Glendale Recharge Ponds, August 3, 2017

Fr. Charlie and I went to the Glendale Recharge Ponds on August 3, 2017. I’ve heard of this birding spot for years, but this was my first visit there. It’s about a 45 minute drive from our house.

The Glendale Recharge Ponds (GRP) are owned and managed by the utility company called Salt River Project (SRP). These ponds collect overflow from the river and canal system, and are used to recharge the water table. The ponds are very much for function, and not form! There is no shade or landscaping of any kind, so the area is very drab and rather … well … ugly. However, the birds that show up in the ponds are amazing! 256 species have been reported there in ebird.org, and many of them are shore/wading birds that are otherwise rare in this part of the country. The ponds are very large compared to similar facilities in the area (e.g. the Gilbert Water Ranch). Even though the lack of trees is ugly, there is an advantage that there is nothing obstructing the view of the birds, and it is easier to get pictures of birds in flight, because there are no trees to get in the way.

We arrived at GRP at about 8 AM. The temperature was in the 90’s by the time we left, which isn’t bad for the Phoenix area in August, but we have our monsoon season humidity, and without any shade, it was hot. Our clothes were soaked through, and we were ready to leave by about 9:30 or 10.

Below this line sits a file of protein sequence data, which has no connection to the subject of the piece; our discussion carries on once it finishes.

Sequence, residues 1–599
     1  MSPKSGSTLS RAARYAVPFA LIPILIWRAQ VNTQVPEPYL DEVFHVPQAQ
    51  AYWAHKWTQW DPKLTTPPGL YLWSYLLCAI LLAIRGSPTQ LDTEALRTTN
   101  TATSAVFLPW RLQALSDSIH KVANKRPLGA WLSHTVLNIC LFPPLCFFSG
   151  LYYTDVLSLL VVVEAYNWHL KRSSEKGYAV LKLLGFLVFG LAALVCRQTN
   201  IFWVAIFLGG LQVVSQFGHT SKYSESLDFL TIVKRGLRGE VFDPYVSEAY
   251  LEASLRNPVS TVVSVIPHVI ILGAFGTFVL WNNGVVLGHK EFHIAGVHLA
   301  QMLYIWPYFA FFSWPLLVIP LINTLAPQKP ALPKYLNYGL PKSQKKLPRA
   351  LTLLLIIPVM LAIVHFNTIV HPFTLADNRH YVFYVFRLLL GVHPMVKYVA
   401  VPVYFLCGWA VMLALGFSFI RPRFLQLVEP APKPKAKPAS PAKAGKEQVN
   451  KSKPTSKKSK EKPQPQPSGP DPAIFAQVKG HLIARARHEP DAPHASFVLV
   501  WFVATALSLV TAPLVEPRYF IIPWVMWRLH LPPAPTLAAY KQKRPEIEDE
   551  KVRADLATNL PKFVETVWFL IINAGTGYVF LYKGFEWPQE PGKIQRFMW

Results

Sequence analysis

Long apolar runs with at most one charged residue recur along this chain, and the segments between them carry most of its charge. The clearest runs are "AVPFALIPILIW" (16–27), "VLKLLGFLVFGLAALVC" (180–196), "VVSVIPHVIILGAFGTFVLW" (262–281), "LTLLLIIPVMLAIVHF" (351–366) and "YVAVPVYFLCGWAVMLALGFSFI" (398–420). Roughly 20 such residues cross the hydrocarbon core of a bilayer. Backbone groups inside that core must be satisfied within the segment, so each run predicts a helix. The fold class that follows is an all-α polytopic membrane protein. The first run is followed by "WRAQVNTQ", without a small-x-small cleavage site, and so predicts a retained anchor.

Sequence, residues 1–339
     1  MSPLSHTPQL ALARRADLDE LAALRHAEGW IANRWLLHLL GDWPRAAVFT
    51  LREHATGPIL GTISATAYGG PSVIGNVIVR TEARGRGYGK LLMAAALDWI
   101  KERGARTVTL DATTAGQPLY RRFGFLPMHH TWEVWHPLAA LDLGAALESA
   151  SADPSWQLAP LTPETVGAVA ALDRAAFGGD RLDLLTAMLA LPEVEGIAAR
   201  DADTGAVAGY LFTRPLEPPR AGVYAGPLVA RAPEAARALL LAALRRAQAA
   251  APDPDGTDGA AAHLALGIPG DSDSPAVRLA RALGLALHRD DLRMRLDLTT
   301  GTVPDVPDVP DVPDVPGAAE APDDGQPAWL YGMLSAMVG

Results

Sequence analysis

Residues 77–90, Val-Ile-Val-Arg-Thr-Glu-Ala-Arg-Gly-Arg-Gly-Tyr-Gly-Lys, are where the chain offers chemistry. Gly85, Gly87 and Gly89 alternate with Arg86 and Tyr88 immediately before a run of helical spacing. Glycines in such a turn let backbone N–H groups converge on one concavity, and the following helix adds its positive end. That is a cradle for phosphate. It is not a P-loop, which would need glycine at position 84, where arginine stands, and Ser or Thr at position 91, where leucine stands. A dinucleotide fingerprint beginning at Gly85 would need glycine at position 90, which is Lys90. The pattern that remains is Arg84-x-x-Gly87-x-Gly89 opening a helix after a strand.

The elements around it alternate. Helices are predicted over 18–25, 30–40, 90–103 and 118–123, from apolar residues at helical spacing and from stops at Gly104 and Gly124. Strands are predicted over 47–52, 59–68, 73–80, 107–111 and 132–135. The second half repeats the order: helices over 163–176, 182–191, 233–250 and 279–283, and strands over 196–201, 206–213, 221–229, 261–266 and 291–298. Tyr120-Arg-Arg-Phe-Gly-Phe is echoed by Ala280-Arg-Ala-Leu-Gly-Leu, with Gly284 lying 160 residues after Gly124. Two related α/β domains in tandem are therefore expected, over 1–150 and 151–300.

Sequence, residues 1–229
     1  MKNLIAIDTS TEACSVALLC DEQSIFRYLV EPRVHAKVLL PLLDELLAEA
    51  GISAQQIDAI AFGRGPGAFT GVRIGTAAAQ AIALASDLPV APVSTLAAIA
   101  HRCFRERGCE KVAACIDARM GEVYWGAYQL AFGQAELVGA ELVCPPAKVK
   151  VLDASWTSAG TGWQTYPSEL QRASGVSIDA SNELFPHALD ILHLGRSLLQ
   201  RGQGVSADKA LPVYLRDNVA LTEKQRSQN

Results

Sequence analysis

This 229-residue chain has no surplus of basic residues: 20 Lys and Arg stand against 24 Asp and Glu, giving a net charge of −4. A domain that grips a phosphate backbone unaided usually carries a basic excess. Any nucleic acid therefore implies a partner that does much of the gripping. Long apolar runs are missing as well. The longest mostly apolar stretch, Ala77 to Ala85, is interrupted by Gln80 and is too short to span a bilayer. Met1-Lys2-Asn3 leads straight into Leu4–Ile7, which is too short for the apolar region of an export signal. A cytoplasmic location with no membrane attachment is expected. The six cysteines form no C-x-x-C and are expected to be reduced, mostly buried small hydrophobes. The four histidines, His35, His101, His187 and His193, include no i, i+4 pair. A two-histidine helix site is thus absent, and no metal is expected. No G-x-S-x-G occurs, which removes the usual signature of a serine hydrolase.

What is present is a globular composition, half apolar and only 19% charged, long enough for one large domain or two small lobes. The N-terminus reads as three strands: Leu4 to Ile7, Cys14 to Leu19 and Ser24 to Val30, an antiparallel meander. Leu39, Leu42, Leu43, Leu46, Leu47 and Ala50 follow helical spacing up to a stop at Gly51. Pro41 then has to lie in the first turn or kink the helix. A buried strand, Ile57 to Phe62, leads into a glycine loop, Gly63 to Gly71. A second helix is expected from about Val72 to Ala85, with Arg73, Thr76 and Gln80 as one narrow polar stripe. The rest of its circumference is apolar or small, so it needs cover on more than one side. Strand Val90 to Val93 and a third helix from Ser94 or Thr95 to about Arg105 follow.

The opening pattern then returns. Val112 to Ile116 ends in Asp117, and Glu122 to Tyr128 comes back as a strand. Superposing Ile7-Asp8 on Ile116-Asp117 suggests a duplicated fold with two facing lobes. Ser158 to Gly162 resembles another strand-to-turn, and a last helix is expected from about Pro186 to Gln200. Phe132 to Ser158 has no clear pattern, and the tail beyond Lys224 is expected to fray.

Despite this, I really enjoyed it, and will definitely go back, maybe when it is not so hot and I can stay longer and get more bird in flight shots.

ebird.org reports 4 different sandpipers, but I could only ID two: the Western and Least Sandpipers (the most common kinds). The Least has light-colored legs, and the Western has black legs and is a little larger. There were reports of Greater and Lesser Yellowlegs. I think we only saw Greater Yellowlegs, based on their size relative to the Wilson’s Phalaropes. The Black-necked Stilts are very common in this area, even in urban areas. I got a little carried away by posting 4 photos of them, mainly because I liked the in-flight pictures. I’ve seen the White-faced Ibis before at Gilbert Water Ranch, but there were a lot of them here, and I got some shots in flight.

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